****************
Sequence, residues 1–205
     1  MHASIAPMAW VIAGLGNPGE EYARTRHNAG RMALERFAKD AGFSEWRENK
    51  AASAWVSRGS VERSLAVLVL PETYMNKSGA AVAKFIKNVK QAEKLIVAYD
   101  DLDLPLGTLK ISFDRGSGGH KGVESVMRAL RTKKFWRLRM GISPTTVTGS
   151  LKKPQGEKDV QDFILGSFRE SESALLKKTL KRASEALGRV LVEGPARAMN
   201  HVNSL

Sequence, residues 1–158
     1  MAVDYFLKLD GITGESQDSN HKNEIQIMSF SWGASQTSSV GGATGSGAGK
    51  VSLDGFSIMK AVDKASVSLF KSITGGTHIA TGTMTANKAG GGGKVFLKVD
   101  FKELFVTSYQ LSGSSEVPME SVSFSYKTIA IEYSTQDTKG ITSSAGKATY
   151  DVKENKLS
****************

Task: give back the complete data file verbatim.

Sequence, residues 1–205
     1  MHASIAPMAW VIAGLGNPGE EYARTRHNAG RMALERFAKD AGFSEWRENK
    51  AASAWVSRGS VERSLAVLVL PETYMNKSGA AVAKFIKNVK QAEKLIVAYD
   101  DLDLPLGTLK ISFDRGSGGH KGVESVMRAL RTKKFWRLRM GISPTTVTGS
   151  LKKPQGEKDV QDFILGSFRE SESALLKKTL KRASEALGRV LVEGPARAMN
   201  HVNSL

Sequence, residues 1–158
     1  MAVDYFLKLD GITGESQDSN HKNEIQIMSF SWGASQTSSV GGATGSGAGK
    51  VSLDGFSIMK AVDKASVSLF KSITGGTHIA TGTMTANKAG GGGKVFLKVD
   101  FKELFVTSYQ LSGSSEVPME SVSFSYKTIA IEYSTQDTKG ITSSAGKATY
   151  DVKENKLS